Today I received a question on one of my flickr photos about how to take photos of blurred water. Here is the shot in question, click on the photo to enlarge:
The enquiry was from one of my contacts named kierobau and this was their question:
i like how you blured down the water a little,
so how do you do that?
a bit out of my league i guess . . .as i only have a p&s
My answer was as follows:
As it was around noon that I took this shot, it was really sunny and normally it’s impossible to get a time-lapse shot at that time of day without over-exposing the photo. In this instance, I used a neutral density ND8 filter. This has the effect of blocking out three f/ stops of sunlight coming into the lens. Thus allowing me to take a longer exposure. There are a couple of important things that need to be considered when attempting a shot like this.
1. Amount of light (dawn or dusk or overcast days are best, otherwise use an ND filter).
2. A tripod (or somewhere to rest the camera without touching it) is essential as the slightest movement will wreck the sharpness of the features surrounding the water (which is of course the only thing that you DO want blurred).
3. A remote control or shutter release cable so that you don’t have to touch the camera at all after setting up the shot (framed and focused). If you don’t have one, set the camera for a delayed shutter release (5 or 10 seconds maybe). Most cameras have this feature.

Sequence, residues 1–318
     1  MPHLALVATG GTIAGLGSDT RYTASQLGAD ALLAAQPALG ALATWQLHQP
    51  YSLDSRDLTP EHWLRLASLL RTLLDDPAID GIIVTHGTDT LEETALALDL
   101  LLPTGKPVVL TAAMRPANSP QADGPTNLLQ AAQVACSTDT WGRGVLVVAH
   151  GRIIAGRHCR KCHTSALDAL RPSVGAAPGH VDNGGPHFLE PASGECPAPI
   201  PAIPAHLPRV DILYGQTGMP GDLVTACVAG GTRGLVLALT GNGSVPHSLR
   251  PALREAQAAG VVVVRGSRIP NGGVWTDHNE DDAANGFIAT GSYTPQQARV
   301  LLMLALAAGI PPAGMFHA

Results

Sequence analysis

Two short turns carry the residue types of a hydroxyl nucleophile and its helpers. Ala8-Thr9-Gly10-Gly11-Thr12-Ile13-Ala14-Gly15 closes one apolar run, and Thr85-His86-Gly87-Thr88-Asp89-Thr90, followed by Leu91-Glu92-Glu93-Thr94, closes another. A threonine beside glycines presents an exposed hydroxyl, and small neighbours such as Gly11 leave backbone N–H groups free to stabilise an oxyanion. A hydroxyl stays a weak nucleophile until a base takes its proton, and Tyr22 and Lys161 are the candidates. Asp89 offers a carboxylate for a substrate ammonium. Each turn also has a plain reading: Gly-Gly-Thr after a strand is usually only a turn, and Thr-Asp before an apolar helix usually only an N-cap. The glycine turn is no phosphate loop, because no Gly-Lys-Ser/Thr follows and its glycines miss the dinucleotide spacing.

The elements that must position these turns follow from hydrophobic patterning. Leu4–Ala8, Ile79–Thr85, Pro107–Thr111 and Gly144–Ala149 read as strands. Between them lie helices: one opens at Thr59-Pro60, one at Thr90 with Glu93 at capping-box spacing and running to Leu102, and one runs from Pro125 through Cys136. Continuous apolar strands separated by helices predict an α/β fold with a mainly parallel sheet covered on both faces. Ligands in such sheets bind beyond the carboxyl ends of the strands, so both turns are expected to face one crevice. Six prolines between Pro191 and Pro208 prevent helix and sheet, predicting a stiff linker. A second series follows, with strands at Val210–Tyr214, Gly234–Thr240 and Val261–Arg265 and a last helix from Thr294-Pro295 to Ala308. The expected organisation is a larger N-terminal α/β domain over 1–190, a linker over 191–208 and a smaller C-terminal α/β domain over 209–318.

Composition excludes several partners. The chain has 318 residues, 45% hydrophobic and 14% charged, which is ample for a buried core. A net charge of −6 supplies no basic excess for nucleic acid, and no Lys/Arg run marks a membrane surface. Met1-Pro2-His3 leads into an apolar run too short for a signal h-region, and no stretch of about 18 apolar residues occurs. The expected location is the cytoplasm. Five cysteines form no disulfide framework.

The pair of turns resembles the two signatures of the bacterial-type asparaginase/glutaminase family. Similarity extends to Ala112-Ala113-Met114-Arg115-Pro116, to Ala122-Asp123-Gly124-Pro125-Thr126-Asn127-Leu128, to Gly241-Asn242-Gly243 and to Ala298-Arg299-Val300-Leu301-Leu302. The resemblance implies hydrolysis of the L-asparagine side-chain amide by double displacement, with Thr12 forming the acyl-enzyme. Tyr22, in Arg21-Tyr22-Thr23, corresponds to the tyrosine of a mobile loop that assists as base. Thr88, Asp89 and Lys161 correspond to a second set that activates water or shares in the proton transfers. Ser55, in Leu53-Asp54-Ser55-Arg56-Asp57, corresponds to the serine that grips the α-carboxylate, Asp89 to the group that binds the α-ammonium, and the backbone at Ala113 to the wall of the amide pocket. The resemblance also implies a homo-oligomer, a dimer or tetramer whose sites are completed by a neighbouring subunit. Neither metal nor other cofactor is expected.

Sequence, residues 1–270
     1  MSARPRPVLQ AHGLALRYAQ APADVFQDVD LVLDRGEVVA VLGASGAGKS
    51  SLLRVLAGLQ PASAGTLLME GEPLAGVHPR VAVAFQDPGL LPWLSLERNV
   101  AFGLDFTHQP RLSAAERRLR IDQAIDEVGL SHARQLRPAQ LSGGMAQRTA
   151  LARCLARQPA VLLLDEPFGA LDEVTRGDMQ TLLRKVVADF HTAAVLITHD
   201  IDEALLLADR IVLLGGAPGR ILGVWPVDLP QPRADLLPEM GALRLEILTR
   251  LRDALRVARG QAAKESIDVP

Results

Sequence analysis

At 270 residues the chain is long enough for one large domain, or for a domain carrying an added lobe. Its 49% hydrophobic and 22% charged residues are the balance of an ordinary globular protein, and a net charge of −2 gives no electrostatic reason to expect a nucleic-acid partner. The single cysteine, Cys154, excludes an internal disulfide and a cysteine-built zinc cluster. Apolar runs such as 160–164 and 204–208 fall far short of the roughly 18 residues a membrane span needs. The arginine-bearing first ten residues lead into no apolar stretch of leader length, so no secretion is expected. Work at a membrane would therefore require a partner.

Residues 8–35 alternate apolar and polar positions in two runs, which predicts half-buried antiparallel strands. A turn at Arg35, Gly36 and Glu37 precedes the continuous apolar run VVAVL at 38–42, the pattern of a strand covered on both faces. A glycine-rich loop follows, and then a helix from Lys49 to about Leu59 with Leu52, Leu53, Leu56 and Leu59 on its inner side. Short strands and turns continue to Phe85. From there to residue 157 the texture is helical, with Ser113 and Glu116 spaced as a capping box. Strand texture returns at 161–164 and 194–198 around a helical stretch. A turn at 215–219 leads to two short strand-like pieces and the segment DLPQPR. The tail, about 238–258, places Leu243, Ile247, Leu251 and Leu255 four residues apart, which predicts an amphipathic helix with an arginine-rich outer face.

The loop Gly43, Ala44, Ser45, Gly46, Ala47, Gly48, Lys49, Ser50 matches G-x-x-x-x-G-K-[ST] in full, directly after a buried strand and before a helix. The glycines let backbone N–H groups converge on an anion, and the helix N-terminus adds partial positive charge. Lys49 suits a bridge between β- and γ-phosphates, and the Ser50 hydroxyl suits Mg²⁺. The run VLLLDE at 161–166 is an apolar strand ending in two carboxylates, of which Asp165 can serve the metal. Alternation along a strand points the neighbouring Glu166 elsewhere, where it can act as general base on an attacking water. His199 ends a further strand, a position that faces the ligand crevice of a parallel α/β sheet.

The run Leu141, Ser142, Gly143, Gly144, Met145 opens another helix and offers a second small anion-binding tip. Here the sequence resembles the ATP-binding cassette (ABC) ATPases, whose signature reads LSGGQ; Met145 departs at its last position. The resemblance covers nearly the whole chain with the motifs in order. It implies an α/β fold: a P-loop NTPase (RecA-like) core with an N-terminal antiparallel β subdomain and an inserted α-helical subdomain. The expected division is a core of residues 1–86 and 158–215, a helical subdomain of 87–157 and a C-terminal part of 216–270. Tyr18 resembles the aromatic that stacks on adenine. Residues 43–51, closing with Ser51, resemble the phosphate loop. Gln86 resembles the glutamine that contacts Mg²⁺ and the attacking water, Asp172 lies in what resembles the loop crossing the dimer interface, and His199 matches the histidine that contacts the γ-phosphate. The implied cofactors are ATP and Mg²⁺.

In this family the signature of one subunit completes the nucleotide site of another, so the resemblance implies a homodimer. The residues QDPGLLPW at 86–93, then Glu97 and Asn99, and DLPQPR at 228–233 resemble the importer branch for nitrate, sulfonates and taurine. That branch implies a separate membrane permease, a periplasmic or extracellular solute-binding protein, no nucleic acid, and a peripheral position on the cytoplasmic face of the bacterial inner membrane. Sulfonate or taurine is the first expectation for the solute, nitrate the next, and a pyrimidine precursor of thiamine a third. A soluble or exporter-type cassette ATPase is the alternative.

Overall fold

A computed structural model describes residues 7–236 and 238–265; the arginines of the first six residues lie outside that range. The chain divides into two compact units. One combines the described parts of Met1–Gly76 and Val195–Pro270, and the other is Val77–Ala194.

4. Shoot in manual mode. Set your desired aperture and shutter speed. If you are unsure as to how long to set the shutter speed on your camera, use Aperture Priority mode. As you said you only have a point and shoot camera, it shouldn’t be a problem. Most modern point and shoots come with this mode these days. In this mode, all you need to do is to set the aperture. The lower the f/ stop, the smaller the aperture – so try setting your camera to 2 stops above the lowest f/ stop on your camera eg: if the lowest is say f/ 3.5, the next stop might be f/ 4 and then f/ 4.5 – so set the f/ stop to 4.5. An added benefit to this is that two stops above the lowest aperture setting is often the “sweet spot” that will give you the sharpest photo.
I hope all of that made sense. If anyone else has any more tips, that would be great.